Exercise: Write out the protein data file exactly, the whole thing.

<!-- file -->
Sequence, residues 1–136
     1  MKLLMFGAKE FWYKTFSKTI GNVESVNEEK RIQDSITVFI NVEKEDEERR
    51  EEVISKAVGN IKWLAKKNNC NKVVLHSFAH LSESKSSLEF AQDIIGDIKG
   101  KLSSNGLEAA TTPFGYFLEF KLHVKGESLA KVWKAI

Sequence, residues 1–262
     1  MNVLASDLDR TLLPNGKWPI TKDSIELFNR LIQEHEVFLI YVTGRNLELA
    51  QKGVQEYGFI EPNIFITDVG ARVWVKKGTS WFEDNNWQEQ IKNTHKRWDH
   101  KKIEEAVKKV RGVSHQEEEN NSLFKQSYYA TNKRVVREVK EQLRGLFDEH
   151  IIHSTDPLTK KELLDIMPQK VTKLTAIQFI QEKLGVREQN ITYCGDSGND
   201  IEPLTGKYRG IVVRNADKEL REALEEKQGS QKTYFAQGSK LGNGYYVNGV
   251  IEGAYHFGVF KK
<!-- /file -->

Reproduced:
Sequence, residues 1–136
     1  MKLLMFGAKE FWYKTFSKTI GNVESVNEEK RIQDSITVFI NVEKEDEERR
    51  EEVISKAVGN IKWLAKKNNC NKVVLHSFAH LSESKSSLEF AQDIIGDIKG
   101  KLSSNGLEAA TTPFGYFLEF KLHVKGESLA KVWKAI

Sequence, residues 1–262
     1  MNVLASDLDR TLLPNGKWPI TKDSIELFNR LIQEHEVFLI YVTGRNLELA
    51  QKGVQEYGFI EPNIFITDVG ARVWVKKGTS WFEDNNWQEQ IKNTHKRWDH
   101  KKIEEAVKKV RGVSHQEEEN NSLFKQSYYA TNKRVVREVK EQLRGLFDEH
   151  IIHSTDPLTK KELLDIMPQK VTKLTAIQFI QEKLGVREQN ITYCGDSGND
   201  IEPLTGKYRG IVVRNADKEL REALEEKQGS QKTYFAQGSK LGNGYYVNGV
   251  IEGAYHFGVF KK